Top Two open primary faces first legal challenge

The first lawsuit challenging the legality of California’s newly-approved “top two” open primary system was brought forward last week in San Francisco Superior Court.  The suit seeks to block implementation of Proposition 14 on the grounds that it disenfranchises voters and discriminates against minor party candidates. 

The top two open primary system was passed into law in June when voters approved Prop 14.  The measure was backed by Governor Schwarzenegger and Lt. Governor Abel Maldonado, and opposed by Democratic and Republican party leaders as well as a large coalition of third party groups, including the Green and Libertarian parties.  In the end, Prop 14 was supported by 54% of voters, though only 33% of eligible voters cast a ballot in the election, according to the Office of the Secretary of State. 

The Top Two Act effectively does away with the traditional party primary.  Instead, all candidates for a given office, except that of President, would be listed on the same primary ballot and the top two vote-getters in each primary race, irrespective of party, would go on to compete in the general election. 

The lawsuit, however, does not challenge Proposition 14 as such, but rather provisions within Senate Bill 6.  SB6 was passed by the state legislature in early 2009 as part of the compromise that resulted in the passage of the state’s budget. SB6 was authored by Lt. Governor Abel Maldonado who cast the decisive vote in the budget impasse.  The bill provides the legal scaffolding for the implementation of the top two open primary.  

The lawsuit argues that SB6 is unconstitutional because, if implemented, candidates who “identify with a ‘minor’ party will be censored and discriminated against on the ballot,” and because votes cast for any “write-in candidate in the general election will not be counted.”  (Full copies of the complaint and brief can be found at Ballot Access News, a site authored by Richard Winger, who is one of the plaintiffs in the suit) 

One of the candidate-plaintiffs in the suit, Rodney Martin, objects to SB6 on the grounds that, though he is registered with the Reform Party, his party affiliation would not be listed alongside his name on the ballot because the Reform Party is not ballot qualified.  Instead, the words “no party preference” would be printed next to his name.  

One of the voter-plaintiffs, on the other hand, objects to the fact that general election votes cast for write-in candidates would simply not be counted.  “By not counting write-in votes after allowing voters to cast them, SB6 will trick people into throwing away their votes,” said Jennifer Wozniak, a registered voter in Orange County.  Further statements from the plaintiffs can be found at the Independent Political Report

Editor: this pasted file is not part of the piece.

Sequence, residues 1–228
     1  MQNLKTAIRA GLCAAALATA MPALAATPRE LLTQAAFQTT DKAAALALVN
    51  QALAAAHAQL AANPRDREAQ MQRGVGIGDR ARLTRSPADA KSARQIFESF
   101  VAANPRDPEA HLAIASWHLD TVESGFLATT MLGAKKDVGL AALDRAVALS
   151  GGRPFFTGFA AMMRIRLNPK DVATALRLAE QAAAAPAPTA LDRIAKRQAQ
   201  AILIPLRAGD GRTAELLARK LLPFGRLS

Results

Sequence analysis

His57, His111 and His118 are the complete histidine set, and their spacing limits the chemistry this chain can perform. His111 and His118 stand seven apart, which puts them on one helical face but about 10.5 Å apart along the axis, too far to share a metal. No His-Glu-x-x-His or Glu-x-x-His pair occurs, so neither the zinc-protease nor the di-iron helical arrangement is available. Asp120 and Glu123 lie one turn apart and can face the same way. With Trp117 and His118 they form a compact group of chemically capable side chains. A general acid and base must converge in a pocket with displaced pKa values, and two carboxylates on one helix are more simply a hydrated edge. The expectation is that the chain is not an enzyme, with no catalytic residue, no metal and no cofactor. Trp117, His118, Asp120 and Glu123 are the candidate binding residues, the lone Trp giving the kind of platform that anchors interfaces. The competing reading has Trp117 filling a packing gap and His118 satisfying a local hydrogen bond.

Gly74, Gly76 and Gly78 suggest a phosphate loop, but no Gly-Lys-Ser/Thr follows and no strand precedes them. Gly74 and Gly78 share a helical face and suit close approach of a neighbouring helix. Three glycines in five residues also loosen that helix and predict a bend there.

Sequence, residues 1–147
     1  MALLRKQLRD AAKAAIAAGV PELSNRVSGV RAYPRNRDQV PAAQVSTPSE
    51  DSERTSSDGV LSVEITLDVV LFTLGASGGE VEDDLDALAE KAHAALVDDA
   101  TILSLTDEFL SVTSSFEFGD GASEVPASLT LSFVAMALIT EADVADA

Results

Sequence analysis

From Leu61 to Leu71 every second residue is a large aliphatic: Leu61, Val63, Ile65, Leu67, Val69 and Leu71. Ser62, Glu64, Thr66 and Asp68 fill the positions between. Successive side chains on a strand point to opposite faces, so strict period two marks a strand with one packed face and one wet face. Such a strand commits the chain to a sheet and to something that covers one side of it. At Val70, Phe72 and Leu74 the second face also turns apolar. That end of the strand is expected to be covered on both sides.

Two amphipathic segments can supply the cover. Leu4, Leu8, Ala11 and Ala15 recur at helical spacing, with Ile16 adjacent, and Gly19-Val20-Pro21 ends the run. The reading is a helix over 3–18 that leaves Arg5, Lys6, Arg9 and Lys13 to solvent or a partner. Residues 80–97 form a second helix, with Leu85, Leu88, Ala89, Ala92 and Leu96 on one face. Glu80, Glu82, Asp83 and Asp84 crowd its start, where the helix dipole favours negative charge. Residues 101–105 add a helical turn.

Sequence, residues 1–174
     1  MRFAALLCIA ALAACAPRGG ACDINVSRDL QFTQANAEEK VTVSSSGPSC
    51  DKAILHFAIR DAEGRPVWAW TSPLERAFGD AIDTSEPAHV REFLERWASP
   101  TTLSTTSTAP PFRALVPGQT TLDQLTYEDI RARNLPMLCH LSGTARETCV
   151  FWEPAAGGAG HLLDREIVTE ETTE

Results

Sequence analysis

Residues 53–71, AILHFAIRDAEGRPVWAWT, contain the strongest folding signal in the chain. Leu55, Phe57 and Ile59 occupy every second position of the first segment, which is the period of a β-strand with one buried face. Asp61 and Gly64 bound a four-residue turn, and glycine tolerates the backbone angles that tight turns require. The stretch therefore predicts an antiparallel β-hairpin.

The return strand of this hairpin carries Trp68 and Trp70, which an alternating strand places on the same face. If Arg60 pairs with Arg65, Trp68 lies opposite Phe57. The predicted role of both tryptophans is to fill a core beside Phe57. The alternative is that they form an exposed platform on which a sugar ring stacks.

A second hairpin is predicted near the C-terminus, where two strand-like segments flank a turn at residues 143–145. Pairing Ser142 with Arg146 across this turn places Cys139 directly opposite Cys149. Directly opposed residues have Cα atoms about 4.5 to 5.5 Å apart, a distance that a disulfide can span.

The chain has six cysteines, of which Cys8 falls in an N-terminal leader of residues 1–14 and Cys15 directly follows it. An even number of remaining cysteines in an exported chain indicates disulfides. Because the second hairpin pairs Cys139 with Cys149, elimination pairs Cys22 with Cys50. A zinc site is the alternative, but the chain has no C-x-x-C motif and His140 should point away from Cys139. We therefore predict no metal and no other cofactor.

In a press release, Governor Schwarzenegger vowed to fight the lawsuit, saying the effort is the work of “special interests.” The governor stated:

     “It comes as no surprise that Sacramento special interests are trying to overturn the government reforms Californians overwhelmingly support. I will fight these special interests at every turn to protect these reforms that will break through Sacramento’s dysfunction.”  

Lt. Gov. Abel Maldonado struck a similar tone in a written statement on the matter, as reported at Mercury News.  “This lawsuit is yet another attempt by party bosses trying to continue the manipulation of legislators and deny the people of California their choice to vote for whomever they want,” he said. 

Christina Tobin, the Libertarian Party candidate for California Secretary of State and Chair of Stop Top Two, an organization that opposed Proposition 14, responded to the Governor and Lt. Governor, stating, “Maldonado and Schwarzenegger are flat out wrong that this lawsuit is an attempted power grab by party bosses and special interests.”  

In my view, it would seem that minor party candidates and voters who cast their ballots for write-in candidates are not in fact the sort of groups one usually thinks of at the mention of the term ‘special interests’.  And Maldonado’s assertion that the legal action seeks to deny voters the “choice to vote for whomever they want” certainly does not appear to square with the lawsuit’s objection to the fact that write-in votes would not be counted if SB6 is implemented. 

With their statements, however, the Governor and Lt. Governor may actually be preparing the discursive ground for battles against future lawsuits that are all but certain to be brought against the top two system.  As reported by The Hill, the California Democratic and Republican Parties are also preparing legal challenges to the new law.  “John Burton, chairman of the California Democratic Party, confirmed that discussions about taking legal action were ongoing, as did a spokesman for the state GOP,” according to Barbra Kim.  Other parties such as the Greens and Libertarians may also join such an action, or launch their own. 

Hearings for the present lawsuit are scheduled to take place within the next month.  If an injunction against the law is not issued by the court, its implementation will begin in January of next year.